The interplay between systems of Christian belief and conspiracy theories was the focal point of a recent webinar hosted by Religions for Peace, USA.

Facilitated by Bruce Knotts, co-moderator of Religions for Peace, USA, and featuring Carmen Celestini, a post-doctoral fellow with the School of Religion at Queen’s University, “The Fear of ‘The Great Replacement’ and Impact on Society” discussed conspiracy theory, nationalism and Christianity.

Celestini studies the overlap between systems of Christian belief and conspiracy theories. Perhaps considered an odd couple by some, she explained how white Christian nationalism, rooted in the fear of being replaced by those racialized as people of color, has brought the two together.

This relationship has become more visible in recent years, she said, as evidenced by the January 6 insurrection at the U.S. Capitol.

“When people feel their previous status of privilege is threatened and when others feel their hopes for a better future are lost, you have the makings of a civil war,” Knotts stated in his opening remarks. “In 1861, Abraham Lincoln was elected as the first American president elected without any electoral votes from the enslaver Southern states. Despite Lincoln’s assurances that he would not abolish slavery, the Southern states succeeded from the Union and the American Civil War started.”

“Similarly, today, we see rural whites, right evangelical Christians, southern whites facing diminished power and privilege,” he said. “They fear that they will be replaced by the growing majority of urban and educated people, people of color, immigrants, gays, lesbians, trans and people who strongly oppose white Christian nationalism. For the first time, our two political parties, which used to embrace most of America’s diversity, have sorted themselves into identity parties that vie for dominance.”

It is us against them, with both fearing domination by the other, Knotts explained. The fear of losing our America, our land, our heritage, our history, our jobs, our rights, our election is only increasing.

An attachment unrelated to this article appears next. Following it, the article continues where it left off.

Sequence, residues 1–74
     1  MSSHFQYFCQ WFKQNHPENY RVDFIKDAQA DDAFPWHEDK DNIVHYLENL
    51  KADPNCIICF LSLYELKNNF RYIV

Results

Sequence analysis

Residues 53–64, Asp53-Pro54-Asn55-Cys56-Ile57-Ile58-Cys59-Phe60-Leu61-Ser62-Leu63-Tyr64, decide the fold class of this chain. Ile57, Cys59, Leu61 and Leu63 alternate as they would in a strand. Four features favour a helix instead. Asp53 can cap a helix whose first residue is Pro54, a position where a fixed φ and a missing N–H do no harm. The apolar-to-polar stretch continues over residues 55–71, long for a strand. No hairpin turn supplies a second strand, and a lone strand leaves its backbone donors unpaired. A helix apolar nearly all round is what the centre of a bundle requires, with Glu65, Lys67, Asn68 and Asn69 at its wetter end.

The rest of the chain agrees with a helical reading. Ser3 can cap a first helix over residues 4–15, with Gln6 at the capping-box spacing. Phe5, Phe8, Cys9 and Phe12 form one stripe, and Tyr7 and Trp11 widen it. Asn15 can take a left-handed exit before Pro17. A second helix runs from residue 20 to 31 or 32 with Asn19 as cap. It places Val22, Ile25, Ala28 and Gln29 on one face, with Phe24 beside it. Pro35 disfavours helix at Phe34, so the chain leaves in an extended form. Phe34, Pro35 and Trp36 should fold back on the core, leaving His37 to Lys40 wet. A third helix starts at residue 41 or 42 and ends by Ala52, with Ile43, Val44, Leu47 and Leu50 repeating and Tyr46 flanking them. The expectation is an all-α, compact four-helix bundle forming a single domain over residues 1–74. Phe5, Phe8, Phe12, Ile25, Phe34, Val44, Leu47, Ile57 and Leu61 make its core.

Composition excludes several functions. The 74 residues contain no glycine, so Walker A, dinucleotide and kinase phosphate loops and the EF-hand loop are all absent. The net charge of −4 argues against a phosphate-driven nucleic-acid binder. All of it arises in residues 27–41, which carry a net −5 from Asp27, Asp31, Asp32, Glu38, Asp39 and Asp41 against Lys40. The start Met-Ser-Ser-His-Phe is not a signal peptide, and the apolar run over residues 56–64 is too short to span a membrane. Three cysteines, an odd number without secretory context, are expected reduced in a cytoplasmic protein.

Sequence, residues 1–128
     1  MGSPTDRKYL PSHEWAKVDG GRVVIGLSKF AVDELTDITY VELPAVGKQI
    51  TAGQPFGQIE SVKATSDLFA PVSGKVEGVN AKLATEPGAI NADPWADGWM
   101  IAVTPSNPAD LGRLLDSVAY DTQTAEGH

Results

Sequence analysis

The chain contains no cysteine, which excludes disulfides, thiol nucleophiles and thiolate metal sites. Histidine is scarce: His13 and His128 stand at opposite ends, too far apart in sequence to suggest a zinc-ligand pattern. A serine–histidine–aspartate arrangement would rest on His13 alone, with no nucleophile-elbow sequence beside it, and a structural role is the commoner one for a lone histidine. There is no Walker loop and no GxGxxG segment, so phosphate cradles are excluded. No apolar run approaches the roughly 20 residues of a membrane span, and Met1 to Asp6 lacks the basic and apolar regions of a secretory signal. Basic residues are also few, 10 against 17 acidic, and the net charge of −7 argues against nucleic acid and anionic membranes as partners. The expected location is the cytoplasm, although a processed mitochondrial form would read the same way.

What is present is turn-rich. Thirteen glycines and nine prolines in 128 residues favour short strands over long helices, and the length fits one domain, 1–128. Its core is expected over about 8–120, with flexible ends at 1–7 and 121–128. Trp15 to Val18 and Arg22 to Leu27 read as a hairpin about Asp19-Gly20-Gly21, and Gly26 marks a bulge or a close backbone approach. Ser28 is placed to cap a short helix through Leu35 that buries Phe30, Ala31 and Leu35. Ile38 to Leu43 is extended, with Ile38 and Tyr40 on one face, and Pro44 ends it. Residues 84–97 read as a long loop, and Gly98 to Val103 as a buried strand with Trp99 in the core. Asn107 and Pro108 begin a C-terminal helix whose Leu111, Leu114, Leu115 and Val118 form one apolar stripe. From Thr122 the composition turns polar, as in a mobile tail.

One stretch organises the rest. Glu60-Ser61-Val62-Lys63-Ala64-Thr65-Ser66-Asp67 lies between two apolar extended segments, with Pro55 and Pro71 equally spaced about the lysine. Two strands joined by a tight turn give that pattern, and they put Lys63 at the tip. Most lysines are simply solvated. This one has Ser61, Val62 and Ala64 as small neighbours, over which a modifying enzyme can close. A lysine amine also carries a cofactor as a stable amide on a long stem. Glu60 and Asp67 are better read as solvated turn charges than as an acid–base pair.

Celestini offered participants a fair warning that the conversation may be uncomfortable but emphasized that the implications of the discussion are important.

Challenging our image of the conspiracy theorist as one who wears a tin foil hat, she invited participants to look deeper. “One of the most motivating factors is fear,” she said. “They are articulating their fear and there is this notion that there is perpetual disaster, one bad thing happening after another.”

In these moments, it matters what they turn to. If they are a person of faith and feel unable to turn to their religion for solace and resolution, then they will look for theories to explain and address their sense of injustice or change in their world.

She traced “The Great Replacement Theory” to Renaud Camus’ Le Grand Remplacement written in 2011. Camus believes that French citizens are being replaced by immigrants as part of a strategy of the global elite, considering it an attack.

Celestini demonstrated how this fear traveled to America and was passed on by persons like Steve Bannon and Stephen Miller. Both men cited the book in their discussion of immigration policies.

Celestini argues that “The Great Replacement Theory” is being articulated through:

  • “Population control with disinformation and conspiracy theories about COVID-19;
  • Policies articulating how to end immigration; and,
  • Policies to bring women back to traditional roles.”

Regarding conspiracy theories and nationalism, she explained that persons are separated into two groups — “who is or is not an American or a Canada or a European,” which is then “used as a tool to separate who is truly a hero and a patriot and who is an enemy of that nation.”

The fear aroused by this theory has led to violent acts by its adherents. Celestini detailed massacres where “The Great Replacement Theory” was cited by the perpetrator.

Such actions include the Christchurch Mosque shooting in New Zealand and the shooting at a Walmart in El Paso, Texas, both in 2019. More recently, the theory was cited by the shooter at the TOPS supermarket in Buffalo, New York, in 2022.

Celestini noted that this brand of nationalism is found in other nations, including Europe and Canada.

Traveling the world through social media platforms via tropes and memes, this ideology of fear spreads easily and seemingly innocuously online, she said. The fear allows adherents to reimagine themselves as heroes who are saving their loved ones and their preferred social norms, as well as protecting their country.

Not surprisingly, Celestini pointed out that this has led to a call for a civil war. Back to 1861, it is a true full circle moment for America.

A recording of the webinar is available here.

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